Proving a federal trademark dilution claim may be more difficult if courts follow the Fourth Circuit’s controversial decision in Ringling Bros.-Barnum & Bailey Combined Showsv. Utah Div. of Travel Dev. [FOOTNOTE 1]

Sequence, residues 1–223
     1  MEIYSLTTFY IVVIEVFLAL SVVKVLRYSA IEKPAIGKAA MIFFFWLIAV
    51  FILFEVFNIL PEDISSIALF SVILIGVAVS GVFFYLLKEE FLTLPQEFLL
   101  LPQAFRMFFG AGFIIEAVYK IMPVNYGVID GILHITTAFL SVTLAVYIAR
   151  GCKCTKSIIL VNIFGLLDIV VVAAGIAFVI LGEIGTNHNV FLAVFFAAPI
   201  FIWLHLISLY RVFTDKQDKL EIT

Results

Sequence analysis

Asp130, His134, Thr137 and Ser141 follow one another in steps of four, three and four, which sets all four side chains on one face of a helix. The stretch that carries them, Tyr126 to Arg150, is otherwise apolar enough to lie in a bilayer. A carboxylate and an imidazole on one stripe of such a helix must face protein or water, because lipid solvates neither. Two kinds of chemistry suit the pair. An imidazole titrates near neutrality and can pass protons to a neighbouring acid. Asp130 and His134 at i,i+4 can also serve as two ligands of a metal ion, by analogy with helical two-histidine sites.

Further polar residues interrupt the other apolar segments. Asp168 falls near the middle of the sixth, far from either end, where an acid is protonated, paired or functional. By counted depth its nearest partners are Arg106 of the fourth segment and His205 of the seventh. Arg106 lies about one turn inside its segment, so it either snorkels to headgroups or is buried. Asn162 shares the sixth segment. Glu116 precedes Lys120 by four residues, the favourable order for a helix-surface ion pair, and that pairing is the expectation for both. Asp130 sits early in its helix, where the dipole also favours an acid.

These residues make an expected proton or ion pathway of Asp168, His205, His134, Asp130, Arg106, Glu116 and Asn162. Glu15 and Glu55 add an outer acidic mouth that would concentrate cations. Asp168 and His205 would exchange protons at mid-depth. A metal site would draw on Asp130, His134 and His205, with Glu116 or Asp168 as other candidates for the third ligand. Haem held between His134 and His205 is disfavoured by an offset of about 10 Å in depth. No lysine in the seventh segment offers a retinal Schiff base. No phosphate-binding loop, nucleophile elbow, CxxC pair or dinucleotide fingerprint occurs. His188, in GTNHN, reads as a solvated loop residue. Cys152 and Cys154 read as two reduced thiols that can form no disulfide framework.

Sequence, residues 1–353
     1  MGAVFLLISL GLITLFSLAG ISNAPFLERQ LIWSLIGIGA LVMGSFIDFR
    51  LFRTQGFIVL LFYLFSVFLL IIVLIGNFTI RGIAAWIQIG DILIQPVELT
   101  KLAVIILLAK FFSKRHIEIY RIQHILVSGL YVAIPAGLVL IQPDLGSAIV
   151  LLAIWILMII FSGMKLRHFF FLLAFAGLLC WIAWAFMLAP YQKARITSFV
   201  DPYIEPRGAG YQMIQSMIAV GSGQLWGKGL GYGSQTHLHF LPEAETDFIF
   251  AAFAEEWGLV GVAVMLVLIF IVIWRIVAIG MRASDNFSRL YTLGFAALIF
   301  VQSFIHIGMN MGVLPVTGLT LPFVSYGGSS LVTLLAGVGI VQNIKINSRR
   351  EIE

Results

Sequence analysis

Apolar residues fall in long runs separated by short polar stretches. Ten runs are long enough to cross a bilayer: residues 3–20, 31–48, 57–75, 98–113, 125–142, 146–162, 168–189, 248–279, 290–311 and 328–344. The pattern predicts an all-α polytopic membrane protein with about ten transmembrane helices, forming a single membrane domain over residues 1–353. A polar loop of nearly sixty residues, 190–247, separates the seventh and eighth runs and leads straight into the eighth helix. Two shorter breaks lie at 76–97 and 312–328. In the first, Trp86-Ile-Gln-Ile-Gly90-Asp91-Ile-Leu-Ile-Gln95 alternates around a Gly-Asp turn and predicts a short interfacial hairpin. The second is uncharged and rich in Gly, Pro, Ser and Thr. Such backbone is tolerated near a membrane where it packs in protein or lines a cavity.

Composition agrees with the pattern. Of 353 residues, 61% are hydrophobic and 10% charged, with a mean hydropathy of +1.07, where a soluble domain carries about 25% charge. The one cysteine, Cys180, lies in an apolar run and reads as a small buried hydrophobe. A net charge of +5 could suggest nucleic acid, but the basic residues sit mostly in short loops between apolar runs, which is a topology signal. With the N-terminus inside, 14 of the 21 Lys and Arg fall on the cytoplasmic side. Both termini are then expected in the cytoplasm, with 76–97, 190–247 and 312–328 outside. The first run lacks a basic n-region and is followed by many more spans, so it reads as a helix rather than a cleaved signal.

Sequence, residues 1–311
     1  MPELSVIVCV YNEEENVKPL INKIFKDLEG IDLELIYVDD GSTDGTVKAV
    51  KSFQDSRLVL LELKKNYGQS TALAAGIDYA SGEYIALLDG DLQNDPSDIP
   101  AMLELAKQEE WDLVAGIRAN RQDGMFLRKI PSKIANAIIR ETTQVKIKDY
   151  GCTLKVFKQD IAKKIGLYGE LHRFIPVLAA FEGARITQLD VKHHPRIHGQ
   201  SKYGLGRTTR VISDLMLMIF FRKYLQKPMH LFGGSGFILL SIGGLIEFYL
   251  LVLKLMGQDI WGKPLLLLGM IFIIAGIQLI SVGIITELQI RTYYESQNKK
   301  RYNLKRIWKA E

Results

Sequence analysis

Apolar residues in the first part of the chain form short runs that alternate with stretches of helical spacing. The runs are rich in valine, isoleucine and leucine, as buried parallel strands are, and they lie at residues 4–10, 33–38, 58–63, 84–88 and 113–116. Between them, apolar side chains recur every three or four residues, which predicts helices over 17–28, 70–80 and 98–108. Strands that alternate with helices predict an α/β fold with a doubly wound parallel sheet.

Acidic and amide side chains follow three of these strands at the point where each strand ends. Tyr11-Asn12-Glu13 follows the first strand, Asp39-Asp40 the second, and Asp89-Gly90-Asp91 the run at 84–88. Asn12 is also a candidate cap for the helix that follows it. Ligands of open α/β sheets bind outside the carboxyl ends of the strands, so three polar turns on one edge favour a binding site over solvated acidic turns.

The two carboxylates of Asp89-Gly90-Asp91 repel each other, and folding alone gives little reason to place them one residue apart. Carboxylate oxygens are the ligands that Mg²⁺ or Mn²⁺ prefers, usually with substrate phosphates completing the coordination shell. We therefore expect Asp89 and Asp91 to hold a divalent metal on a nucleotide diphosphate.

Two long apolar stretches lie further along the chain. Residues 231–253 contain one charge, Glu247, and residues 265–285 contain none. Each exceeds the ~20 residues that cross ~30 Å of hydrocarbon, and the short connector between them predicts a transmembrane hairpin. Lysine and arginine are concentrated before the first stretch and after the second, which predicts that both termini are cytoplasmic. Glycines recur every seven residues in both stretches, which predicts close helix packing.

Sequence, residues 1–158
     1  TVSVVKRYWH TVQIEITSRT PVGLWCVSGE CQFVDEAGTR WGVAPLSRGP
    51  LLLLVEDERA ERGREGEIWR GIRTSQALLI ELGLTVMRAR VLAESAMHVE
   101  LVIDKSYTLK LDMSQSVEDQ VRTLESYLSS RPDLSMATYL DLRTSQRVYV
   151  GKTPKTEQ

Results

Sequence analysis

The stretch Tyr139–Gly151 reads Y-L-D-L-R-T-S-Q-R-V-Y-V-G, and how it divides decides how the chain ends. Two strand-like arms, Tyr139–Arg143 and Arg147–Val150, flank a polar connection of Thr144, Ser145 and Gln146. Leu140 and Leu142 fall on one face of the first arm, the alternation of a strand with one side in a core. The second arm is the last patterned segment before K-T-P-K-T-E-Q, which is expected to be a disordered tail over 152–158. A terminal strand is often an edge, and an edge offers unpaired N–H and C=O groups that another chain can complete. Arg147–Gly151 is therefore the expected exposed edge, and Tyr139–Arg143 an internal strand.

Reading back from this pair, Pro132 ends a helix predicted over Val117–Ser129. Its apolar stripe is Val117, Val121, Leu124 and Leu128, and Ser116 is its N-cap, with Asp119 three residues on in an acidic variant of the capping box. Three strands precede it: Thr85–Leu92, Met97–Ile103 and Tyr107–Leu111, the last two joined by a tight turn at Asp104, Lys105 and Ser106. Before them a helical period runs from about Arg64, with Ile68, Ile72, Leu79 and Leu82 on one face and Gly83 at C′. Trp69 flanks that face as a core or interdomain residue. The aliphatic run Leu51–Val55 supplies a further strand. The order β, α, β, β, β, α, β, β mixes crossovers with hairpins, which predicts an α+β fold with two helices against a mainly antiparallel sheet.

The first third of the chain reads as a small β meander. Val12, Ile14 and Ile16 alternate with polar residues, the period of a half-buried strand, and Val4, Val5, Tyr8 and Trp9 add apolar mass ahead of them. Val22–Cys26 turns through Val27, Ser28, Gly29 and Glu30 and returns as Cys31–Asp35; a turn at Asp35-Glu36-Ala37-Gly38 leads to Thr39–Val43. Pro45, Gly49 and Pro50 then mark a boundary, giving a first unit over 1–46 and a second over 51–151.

There, the Court of Appeals affirmed a decision of the federal District Court for the Eastern District of Virginia. The trial court had ruled that use of the slogan “The Greatest Snow on Earth” for Utah’s winter sports attractions did not dilute Ringling Bros.-Barnum & Bailey’s “The Greatest Show on Earth” service mark for circus performances in violation of Section 43(c) of the Lanham Act. [FOOTNOTE 2]In reaching its decision, the Fourth Circuit concluded that “to establish dilution of a famous mark under the federal Act requires proof that (1) a defendant has made use of a junior mark sufficiently similar to the famous mark to evoke in a relevant universe of consumers a mental association of the two that (2) has caused (3) actual economic harm to the famous mark’s economic value by lessening its former selling power as an advertising agent for its goods or services.”� [FOOTNOTE 3]
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